Whakatane-based business White Island Tours got $150,000 from the Government's Covid-19 wage subsidy employer scheme for 36 workers.
Work and Income's web site shows the state grant to the business which in December took a group to Whakaari/White Island when the volcano erupted, resulting in 21 deaths.
But the business said it is just getting what it is entitled to under the support package for businesses suffering during the alert level 4 lockdown.
"Like thousands of other companies throughout New Zealand, we have received assistance under the Government's wage subsidy so that we can continue to support our staff. The details of the funds and the number of employees is a matter of public record," a White Island Tours spokesperson said today.
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Although tourists are no longer taken to Whakaari/White Island, the spokesperson indicated there was far more to the business than that.
"Tours to Moutohorā Island resumed in mid-January, however, as with all tour operations in New Zealand, they ceased when the country went into lockdown," the spokesperson said.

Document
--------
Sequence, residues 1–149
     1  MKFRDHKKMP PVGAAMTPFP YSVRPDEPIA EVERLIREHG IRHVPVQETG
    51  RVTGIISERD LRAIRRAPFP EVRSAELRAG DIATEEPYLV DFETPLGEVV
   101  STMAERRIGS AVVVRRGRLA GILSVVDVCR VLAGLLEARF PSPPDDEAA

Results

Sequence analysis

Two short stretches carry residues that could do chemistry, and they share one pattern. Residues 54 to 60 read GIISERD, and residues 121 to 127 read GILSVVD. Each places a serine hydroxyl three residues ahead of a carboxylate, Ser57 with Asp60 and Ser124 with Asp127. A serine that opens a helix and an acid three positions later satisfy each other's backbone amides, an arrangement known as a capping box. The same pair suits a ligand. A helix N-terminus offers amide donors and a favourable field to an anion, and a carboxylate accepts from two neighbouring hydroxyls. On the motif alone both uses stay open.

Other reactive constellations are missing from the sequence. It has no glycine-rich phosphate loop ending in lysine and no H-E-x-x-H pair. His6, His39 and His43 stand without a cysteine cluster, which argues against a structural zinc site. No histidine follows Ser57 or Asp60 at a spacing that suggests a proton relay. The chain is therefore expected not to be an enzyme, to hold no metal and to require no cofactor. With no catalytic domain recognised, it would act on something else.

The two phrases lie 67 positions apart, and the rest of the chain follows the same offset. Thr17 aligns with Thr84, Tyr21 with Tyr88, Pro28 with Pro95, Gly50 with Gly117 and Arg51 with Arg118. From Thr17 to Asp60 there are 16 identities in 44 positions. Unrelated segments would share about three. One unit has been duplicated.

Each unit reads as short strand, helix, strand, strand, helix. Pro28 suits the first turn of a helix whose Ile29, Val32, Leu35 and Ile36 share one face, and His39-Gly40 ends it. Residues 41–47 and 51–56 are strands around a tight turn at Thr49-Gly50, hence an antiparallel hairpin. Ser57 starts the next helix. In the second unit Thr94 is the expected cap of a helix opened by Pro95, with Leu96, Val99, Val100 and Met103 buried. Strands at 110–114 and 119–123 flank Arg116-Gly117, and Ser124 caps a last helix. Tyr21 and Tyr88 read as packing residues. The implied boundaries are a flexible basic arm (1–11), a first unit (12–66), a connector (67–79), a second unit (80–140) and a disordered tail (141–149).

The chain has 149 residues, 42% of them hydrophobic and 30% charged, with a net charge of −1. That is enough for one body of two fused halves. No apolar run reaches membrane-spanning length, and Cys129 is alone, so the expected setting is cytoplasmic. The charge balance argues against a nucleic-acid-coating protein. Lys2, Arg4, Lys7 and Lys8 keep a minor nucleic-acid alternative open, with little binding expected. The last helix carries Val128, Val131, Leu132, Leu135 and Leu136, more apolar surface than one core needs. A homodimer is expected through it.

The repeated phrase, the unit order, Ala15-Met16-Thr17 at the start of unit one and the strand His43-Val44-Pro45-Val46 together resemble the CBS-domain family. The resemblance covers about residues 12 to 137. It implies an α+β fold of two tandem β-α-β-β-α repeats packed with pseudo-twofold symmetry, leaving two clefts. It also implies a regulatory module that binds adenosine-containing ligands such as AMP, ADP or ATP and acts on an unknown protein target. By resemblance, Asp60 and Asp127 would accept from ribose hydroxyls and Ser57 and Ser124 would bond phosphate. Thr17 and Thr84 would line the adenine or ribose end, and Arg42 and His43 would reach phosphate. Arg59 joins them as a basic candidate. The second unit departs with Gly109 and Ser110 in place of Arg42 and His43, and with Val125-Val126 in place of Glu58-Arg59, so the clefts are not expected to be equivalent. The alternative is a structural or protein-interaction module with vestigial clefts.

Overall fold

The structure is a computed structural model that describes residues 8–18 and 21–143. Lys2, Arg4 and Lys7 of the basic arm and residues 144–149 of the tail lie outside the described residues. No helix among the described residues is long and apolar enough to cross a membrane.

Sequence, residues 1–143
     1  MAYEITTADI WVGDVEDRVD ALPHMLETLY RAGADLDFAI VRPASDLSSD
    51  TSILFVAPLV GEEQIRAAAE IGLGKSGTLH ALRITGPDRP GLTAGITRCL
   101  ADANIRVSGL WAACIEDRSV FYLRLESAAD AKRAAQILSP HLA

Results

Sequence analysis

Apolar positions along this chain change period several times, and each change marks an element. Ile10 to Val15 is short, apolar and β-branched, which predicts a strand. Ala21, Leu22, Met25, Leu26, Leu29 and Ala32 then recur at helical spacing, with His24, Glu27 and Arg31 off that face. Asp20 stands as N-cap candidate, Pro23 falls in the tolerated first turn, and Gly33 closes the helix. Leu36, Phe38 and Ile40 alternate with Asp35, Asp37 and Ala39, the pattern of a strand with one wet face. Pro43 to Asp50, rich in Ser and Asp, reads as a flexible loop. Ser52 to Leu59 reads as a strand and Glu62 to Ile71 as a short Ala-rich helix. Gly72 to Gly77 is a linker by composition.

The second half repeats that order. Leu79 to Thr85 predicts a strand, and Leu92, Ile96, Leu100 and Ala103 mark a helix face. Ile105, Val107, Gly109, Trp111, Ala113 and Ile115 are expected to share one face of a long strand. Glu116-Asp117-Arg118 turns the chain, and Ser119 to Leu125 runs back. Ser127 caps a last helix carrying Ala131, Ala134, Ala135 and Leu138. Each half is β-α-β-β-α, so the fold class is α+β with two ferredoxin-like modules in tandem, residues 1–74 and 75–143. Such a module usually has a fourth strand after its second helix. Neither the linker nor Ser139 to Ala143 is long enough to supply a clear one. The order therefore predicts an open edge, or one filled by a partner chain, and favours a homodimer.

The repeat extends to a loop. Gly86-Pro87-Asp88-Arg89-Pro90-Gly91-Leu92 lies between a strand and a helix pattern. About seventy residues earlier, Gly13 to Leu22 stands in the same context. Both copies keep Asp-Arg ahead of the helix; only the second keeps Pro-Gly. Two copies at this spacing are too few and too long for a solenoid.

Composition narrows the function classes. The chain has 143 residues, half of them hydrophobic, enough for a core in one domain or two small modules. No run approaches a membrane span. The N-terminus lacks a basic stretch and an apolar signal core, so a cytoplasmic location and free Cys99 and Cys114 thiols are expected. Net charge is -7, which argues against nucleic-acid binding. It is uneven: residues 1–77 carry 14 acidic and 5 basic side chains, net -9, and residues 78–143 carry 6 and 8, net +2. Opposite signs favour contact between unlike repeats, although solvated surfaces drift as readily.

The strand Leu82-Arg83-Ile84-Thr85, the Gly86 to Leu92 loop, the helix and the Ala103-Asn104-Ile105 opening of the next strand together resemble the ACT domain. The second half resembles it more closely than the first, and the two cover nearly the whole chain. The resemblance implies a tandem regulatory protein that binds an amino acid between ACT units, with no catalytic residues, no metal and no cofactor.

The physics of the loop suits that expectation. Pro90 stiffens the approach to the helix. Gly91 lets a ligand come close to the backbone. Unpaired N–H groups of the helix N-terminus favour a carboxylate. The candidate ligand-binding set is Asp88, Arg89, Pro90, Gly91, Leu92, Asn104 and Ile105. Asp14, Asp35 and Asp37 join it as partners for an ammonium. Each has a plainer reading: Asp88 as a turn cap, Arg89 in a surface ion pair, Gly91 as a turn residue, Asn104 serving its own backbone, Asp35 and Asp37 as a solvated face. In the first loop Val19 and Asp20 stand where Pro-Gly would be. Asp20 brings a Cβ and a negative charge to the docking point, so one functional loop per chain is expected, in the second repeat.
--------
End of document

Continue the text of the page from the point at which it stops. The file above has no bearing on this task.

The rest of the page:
Shane Jones, Regional Economic Development Minister, said: "The fact that they had fatalities as a consequence of that business is being investigated. White Island Tours has to account to themselves for dipping into that dough and I will let the public judge whether they're right or wrong."
To qualify for the grant, a business must suffer a 30 per cent decline in actual or predicted revenue over the period of a month, when compared with the same month last year, and
that decline is related to COVID-19.
On December 9, the tour business owned by Ngati Awa Group took 47 people to the island with its active volcano, 48km out to sea.
For several weeks before, that volcano had been showing signs of unrest with volcanic tremors and sulphur dioxide gas at the highest levels since 2016, indicating that an eruption was more likely to occur.
Although White Island Tours has not taken tourists to that island since the fatal December 9 tour, it has other many aspects to its operation and staff continued to work there till last month's alert.
The business operates accommodation, which it advertises as "nestled between the Whakatāne River and a pōhutukawa tree-lined escarpment lies White Island Rendezvous." That 4.5 star motel is aimed at business and tourism travellers and says the motel is in a quiet location, minutes walk from Whakatāne's shopping and restaurants.
"White Island Rendezvous is the only motel accommodation in Whakatāne to boast its own onsite café – a favourite amongst locals," it says.
The business is also advertising tours to Moutohorā/Whale Island are $99/adult and $59/children.